The answer is scary: Rising sea levels eventually will overrun some Pacific island nations and will turn many low-lying villages around the globe into ghost towns. Where will the uprooted inhabitants go?
At the least, they will endure the anxiety and grief of leaving their traditional homes. At the worst, the displaced residents will become a generational underclass — lacking adequate food, shelter and hope and breeding the institutionalized resentments and conflicts that could last for decades.
In short, global climate changes are a national security issue for the United States because those changes hold the potential to catalyze and accelerate conflict.
This is not to say there's a direct line between melting ice floes and expanding violent extremism, including the Islamic State. But climate change will exacerbate some of the factors that sow discontent and create fertile recruiting grounds for extremists, including drought and food shortages, economic upheaval, changes in disease patterns, and population migration.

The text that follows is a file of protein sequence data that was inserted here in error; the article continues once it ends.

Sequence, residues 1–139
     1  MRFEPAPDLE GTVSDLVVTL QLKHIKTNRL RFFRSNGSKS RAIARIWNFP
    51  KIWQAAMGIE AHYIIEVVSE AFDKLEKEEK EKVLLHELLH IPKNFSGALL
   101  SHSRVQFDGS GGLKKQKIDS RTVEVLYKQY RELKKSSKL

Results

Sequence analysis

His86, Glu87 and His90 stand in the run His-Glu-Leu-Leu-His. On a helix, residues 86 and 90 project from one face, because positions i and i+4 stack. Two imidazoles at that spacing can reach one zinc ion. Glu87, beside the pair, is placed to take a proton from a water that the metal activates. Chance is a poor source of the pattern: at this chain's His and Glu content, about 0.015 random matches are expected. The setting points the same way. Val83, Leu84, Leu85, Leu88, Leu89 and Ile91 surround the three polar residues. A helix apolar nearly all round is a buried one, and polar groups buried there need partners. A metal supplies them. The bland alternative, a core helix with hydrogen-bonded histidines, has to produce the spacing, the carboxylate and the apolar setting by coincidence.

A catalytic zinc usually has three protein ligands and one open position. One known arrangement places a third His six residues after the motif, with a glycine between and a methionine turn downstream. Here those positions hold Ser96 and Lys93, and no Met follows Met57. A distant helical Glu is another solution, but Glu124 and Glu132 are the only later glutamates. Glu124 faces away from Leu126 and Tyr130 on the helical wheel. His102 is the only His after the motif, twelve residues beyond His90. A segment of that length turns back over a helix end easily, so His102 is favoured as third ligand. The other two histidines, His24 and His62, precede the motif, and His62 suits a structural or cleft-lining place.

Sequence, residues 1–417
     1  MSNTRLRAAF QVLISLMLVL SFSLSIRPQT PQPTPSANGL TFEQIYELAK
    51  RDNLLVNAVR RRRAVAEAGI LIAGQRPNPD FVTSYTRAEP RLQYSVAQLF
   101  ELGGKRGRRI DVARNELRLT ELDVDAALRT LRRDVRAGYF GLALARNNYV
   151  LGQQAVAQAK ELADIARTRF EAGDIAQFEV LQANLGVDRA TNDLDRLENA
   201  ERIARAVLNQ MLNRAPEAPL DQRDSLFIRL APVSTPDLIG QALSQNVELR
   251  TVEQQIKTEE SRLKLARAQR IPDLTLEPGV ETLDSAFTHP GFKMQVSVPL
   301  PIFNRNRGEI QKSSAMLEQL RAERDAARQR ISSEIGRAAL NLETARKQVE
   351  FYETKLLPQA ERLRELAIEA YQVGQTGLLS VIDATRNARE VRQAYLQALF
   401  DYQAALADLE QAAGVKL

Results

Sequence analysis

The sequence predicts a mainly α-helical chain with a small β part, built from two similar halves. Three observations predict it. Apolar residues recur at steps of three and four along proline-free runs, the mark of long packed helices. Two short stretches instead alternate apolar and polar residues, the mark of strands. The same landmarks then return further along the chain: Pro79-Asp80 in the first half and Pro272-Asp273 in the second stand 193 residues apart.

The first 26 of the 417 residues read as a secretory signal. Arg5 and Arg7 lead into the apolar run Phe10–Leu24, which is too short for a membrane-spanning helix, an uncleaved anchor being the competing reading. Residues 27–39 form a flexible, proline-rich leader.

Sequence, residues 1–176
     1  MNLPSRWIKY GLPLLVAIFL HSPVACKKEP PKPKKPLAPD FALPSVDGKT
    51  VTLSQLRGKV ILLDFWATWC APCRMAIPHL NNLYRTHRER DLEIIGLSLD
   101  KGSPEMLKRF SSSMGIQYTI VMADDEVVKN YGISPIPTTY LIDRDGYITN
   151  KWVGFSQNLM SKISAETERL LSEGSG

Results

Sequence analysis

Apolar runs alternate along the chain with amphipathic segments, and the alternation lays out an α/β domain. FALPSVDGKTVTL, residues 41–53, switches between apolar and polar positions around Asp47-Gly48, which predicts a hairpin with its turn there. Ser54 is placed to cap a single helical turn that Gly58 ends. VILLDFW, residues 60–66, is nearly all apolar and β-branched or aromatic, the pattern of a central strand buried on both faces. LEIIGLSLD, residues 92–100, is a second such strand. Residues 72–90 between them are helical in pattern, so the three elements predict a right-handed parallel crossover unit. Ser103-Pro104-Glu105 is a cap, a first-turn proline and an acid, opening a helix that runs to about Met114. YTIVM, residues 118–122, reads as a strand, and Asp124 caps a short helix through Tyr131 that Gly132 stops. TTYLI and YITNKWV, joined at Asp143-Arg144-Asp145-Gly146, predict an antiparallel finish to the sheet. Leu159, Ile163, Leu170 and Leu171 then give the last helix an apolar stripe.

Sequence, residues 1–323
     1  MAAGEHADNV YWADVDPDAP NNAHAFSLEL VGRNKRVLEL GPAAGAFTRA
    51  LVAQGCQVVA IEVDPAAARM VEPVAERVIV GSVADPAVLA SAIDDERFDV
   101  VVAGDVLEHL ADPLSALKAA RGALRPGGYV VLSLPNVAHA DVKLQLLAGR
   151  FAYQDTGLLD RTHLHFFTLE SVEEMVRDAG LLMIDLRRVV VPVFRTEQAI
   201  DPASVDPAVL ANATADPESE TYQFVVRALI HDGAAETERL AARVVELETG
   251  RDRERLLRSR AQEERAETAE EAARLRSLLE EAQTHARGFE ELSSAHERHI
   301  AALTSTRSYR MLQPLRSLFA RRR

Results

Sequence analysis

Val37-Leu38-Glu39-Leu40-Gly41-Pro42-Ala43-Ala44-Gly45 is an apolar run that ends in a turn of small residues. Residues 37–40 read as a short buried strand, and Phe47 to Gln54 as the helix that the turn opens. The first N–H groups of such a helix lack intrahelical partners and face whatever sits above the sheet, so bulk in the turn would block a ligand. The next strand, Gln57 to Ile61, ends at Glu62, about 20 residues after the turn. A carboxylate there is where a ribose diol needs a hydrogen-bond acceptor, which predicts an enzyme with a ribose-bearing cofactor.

Illegal migration already is a global crisis, and rising sea levels will uproot more people.
"If we don't handle this right, it's a security risk," Dr. David Titley said.
A retired rear admiral who founded Pennsylvania State University's Center for Solutions to Weather and Climate Risk, Titley was in Salem this past week to discuss climate change. As my colleague Jason Silverstein wrote in Saturday's Statesman Journal, Titley's focus is people, not polar bears.
For example, ocean warming and acidification will affect fish and other sea life in ways beyond the melting of polar bears' home ice.
Two billion people around the planet get their primary source of protein from oceans. "If they don't get fed, they become unhappy. If they're unhappy and their governments don't take care of them, then we know what happens," Titley said.
Statesman Journal - read the full article at www.statesmanjournal.com/story/opinion/columnists/dick-hughes/2014/11/22/connecting-dots-extreme-climate-change-conflict/19418355/